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proper to the present crisis, p. 71.) the mausoleum of heroism, the sanctuary of genius, the pantheon of glory—not a single voice should have been raised throughout that Right-reverend Bench, to advocate their just rights, and, in the name of our holy religion, to demand from our Government the measures necessary for securing that life, that existence, those blessings, that independence ?
“Let us endeavour to wipe away the tears from the poor oppressed natives of India, (Greece) and suffer them, if possible, to enjoy some taste of the legal security and civil liberty, which render life dear to ourselves; which are blessings hitherto unknown to those climates, but more grateful to the heart of man than all the fruits and odors, which nature bas lavished upon them.” (Bp. Shipley's Works, vol. ii. p. 322.) 5. While memory holds her seat, dear Sir,
Dum memor ipse mei, dum spiritus hos regit artus, I shall never forget the impression, which was produced on my mind by the perusal of Lord Chatham's Speech on the employment of Indians in the American war; an impression the deeper, because, while the composition delights the taste, the reasoning satisfies the understanding, the principles touch the heart, and the sentiments express the natural feelings of mankind. Now if his Lordship had lived to see this our day, what would have been his language at the policy pursued by the Government of this country in respect to the Greeks ? at the silence observed by the Bishops ? at the general apathy of Englishmen on this point ?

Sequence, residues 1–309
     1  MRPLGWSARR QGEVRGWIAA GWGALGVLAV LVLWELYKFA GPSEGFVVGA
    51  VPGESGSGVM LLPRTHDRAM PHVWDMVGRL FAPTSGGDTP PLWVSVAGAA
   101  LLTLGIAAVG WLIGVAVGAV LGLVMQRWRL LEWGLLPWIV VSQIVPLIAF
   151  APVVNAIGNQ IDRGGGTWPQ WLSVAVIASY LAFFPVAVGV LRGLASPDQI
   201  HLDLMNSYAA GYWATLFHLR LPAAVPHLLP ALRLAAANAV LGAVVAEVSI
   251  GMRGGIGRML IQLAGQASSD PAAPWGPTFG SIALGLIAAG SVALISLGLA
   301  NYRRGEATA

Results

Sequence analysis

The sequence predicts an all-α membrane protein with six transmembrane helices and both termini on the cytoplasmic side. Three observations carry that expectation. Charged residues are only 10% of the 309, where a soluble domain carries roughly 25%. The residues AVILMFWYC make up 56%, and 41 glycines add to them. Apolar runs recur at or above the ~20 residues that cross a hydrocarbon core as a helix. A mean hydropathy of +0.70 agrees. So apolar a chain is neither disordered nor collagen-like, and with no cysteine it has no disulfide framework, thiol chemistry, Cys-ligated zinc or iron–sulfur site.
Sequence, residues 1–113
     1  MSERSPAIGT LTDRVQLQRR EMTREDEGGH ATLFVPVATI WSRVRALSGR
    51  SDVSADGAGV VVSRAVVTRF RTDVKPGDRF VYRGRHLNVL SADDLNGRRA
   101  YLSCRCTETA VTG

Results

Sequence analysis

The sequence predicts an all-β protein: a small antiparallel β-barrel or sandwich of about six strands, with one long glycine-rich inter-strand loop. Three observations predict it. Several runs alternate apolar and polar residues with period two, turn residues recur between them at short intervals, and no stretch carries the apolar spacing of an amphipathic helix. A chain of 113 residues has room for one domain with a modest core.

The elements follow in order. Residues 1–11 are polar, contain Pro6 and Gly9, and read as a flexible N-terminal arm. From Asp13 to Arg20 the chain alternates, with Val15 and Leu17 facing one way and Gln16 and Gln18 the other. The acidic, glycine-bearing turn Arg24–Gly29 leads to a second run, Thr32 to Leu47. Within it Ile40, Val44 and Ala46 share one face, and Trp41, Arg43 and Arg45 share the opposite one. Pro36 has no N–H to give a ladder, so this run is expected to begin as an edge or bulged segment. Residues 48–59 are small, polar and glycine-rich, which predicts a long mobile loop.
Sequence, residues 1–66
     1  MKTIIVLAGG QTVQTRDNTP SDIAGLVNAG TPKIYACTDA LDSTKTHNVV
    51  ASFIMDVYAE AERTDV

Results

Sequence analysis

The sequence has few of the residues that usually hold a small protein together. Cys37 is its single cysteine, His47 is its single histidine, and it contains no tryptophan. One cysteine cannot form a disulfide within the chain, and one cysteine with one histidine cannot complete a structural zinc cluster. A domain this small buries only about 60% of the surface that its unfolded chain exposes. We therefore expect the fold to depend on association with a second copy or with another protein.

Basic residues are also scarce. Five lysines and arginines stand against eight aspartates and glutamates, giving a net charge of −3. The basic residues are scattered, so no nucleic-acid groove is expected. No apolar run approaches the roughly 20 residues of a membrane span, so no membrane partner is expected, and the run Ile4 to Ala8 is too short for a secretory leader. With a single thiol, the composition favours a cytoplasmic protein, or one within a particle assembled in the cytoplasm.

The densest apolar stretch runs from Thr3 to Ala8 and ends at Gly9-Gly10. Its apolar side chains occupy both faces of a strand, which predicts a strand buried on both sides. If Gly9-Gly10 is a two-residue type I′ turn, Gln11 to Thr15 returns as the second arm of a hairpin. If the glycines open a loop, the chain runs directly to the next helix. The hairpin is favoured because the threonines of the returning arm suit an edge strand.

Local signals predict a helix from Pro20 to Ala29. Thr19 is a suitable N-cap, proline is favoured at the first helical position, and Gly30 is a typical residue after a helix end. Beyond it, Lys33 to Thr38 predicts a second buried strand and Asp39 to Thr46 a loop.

The sentiments are so appropriate to the present occasion, that I may be excused for inserting the Speech intire.
“I cannot, my Lords, I will not join in congratulation on misfortune and disgrace. This, my Lords, is a perilous and tremendous moment—it is not a time for adulation—the smoothness of flattery cannot save us in this rugged and awful crisis. It is now necessary to instruct the throne in the language of truth. We must, if possible, dispel the delusion and darkness, which envelope it; and display in its full danger and genuine colors the ruin, which is brought to our doors. Can ministers still presume to expect support in their infatuation? Can Parliament be so dead to their dignity and duty, as to give their support to measures thus obtruded and forced upon them? Measures, my Lords, which have reduced this late florishing empire to scorn and contempt.